Gordon Heath (1918-1991) American actor and folk singer whose performances on stage (Deep Are the Roots) and British television (Othello) were acclaimed in the 1940s and 1950s.

Essex Hemphill (1957-1995) American poet who first came to wide public attention as one of the contributors to Joseph Beam's path-finding In the Life (1986), an anthology of Black gay male writers.

Langston Hughes (1902-1967) American poet and writer, Hughes was a central figure in the Harlem Renaissance (The Big Sea, Montage of a Dream Deferred).

Alberta Hunter (1895-1984) American blues singer and songwriter. Hunter's 'Down Hearted Blues', as recorded by Bessie Smith, became the best-selling blues record of 1923.

Nella Larsen (1891-1964) Caribbean-American novelist associated with the Harlem Renaissance (Quicksand, Passing)

Alain Locke (1886-1964) American author and educator, and leader of the Harlem Renaissance.

Audre Lorde (1934-1992) American writer, poet and activist (Sister Outsider: Essays and Speeches).

Claude McKay (1889-1948) Jamaican-American novelist associated with the Harlem Renaissance (Home to Harlem, Banana Bottom).

Jackie 'Moms' Mabley (1897-1975) American comedienne, popular at the Apollo Theatre (from 1939).

Johnny Mathis American singer. Sinatra and Elvis are the only male singers with more hit albums in the USA. Mathis went to number one in Britain with 'When a Child is Born' (1976).

Tseko Simon Nkoli (1957-1998) South African activist who founded the Gay and Lesbian Organisation of the Witwatersrand (GLOW) and was later involved in Black gay choirs and sports groups.

Ma Rainey (1886-1939) American singer who is credited with popularising the blues.

Bessie Smith (1894-1937) American blues singer who was known as the Empress of the Blues.

Billy Strayhorn (1915-1967) American jazz musician and composer, he was Duke Ellington's right-hand man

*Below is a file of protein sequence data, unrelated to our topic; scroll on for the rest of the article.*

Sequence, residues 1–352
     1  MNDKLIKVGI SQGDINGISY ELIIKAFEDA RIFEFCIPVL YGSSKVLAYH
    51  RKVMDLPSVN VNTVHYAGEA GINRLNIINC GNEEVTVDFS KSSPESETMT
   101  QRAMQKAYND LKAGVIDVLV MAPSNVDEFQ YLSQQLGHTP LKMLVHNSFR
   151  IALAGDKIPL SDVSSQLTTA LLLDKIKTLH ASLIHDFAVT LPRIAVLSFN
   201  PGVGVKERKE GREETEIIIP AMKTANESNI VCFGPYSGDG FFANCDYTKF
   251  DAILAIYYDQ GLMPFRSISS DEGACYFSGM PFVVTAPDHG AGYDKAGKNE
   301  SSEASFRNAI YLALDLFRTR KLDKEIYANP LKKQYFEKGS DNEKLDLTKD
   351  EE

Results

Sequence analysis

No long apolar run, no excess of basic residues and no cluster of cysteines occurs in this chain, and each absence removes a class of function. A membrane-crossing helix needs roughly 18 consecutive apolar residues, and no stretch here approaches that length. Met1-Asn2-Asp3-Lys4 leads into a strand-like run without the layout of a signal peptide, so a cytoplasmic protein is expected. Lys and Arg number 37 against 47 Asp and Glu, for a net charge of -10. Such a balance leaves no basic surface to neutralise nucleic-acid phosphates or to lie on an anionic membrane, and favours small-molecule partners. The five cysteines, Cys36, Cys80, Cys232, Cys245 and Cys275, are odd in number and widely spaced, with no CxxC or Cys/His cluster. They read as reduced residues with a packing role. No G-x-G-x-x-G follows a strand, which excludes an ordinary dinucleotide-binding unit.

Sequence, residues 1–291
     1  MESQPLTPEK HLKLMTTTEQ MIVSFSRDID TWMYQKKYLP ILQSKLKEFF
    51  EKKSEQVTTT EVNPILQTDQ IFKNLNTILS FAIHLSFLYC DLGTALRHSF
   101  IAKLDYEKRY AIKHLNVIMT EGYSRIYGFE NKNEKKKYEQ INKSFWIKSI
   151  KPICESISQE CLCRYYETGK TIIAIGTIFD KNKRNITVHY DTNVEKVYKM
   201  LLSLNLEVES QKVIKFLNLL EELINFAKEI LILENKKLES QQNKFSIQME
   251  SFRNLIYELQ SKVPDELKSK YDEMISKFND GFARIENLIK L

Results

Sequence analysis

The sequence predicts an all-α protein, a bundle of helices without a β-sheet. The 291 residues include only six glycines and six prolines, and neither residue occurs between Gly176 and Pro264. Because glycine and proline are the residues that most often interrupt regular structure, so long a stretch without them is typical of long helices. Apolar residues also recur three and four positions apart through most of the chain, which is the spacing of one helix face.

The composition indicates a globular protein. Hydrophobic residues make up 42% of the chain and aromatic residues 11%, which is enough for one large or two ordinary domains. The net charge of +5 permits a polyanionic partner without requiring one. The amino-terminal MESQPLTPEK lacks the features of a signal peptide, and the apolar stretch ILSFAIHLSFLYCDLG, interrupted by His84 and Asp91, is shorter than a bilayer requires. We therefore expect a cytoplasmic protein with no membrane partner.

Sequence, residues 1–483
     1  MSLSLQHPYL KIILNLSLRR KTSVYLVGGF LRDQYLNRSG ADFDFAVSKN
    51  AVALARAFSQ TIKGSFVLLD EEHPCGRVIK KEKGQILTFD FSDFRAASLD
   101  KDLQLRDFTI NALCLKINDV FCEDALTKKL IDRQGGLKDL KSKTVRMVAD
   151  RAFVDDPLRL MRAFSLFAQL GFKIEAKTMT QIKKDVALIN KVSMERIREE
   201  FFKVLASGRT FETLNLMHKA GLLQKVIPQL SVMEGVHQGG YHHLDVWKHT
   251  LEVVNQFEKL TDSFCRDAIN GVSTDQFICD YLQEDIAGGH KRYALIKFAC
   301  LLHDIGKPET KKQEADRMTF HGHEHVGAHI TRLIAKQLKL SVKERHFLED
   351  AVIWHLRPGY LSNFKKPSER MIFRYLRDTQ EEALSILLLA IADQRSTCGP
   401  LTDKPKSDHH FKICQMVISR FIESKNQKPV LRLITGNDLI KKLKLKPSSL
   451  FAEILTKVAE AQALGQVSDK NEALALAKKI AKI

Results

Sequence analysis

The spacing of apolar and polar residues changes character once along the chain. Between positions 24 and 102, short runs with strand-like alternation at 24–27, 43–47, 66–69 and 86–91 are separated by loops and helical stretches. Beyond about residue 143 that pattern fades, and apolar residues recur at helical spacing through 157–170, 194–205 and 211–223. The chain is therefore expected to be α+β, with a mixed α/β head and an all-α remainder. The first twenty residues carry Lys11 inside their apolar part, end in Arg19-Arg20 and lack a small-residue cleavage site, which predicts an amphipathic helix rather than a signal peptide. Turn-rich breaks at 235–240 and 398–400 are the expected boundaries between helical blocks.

Sylvester (1947-1988) American singer. This sassy, outrageously camp and flamboyant disco diva hit the pop charts with the classic 'You Make Me Feel Mighty Real' in the late 1970s.

Ethel Waters (1896-1977) American actress and singer who introduced 'Stormy Weather' at the Cotton Club and starred on Broadway and in Hollywood films.

Bayard Rustin (1910-1987) Civil rights and gay activist, best known as the organiser of the 1963 March on Washington

Paul Winfield (1941-2004) American actor who was nominated for an Oscar for his portrayal of a sharecropper in Sounder (1972).



Stephen Bourne (some of the images sourced from his private collection)

Who's Who in Contemporary Gay and Lesbian History eds. Robert Aldrich and Garry Wotherspoon (Routledge, 2001)

The Knitting Circle

Delroy Constantine Simms, author, The Greatest Taboo: Homosexuality in Black Communities


Lesbian, Gay, Bisexual and Transgender Month -

Black Gay Men's Advisory Group -

Black Lesbians UK -

A to Z of Gay, Lesbian and Bisexual people -

Behind the Mask - A website magazine on lesbian and gay affairs in Africa

The Blacklist

African cultural resources for LGBT communities -

BFI London Gay and Lesbian Film Festival -

Ruckus! Federation Ltd - rukus! Federation Ltd is a ground breaking cutting edge enterprise dedicated to celebrating and show -casing the best in challenging work by Black Lesbian, Gay, Bisexual and Trans artists nationally and internationally.

For additional information, press images or interviews please contact

Ajamu 07813 823 095
Topher Campbell 07855278795

Valerie Mason John


Terrence Higgins Trust

Peter Tatchell

Vernal Scott